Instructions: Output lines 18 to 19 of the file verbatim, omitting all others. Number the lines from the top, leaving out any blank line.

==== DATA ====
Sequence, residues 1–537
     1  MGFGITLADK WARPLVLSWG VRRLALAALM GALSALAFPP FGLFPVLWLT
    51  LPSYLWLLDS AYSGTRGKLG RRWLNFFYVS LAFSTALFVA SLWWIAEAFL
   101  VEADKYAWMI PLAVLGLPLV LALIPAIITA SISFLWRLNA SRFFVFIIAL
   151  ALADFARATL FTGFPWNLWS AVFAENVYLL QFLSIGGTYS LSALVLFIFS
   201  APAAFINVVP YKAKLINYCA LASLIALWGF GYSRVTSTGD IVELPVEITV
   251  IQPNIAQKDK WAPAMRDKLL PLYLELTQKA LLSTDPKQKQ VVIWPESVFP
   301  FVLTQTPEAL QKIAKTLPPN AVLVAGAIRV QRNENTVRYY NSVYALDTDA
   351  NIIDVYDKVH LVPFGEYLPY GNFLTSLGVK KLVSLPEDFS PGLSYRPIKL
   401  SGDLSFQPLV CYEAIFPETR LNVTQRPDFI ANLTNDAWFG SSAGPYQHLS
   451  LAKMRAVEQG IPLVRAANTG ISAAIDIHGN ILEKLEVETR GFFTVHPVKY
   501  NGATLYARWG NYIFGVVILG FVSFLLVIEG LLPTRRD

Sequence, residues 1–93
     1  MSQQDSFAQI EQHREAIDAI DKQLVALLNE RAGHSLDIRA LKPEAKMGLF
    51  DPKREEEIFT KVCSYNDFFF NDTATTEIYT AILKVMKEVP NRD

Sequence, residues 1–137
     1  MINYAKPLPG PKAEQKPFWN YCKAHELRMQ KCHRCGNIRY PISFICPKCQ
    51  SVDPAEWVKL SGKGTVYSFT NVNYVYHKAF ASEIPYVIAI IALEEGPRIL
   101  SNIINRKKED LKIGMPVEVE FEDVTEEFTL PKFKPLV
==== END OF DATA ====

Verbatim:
    51  SVDPAEWVKL SGKGTVYSFT NVNYVYHKAF ASEIPYVIAI IALEEGPRIL
   101  SNIINRKKED LKIGMPVEVE FEDVTEEFTL PKFKPLV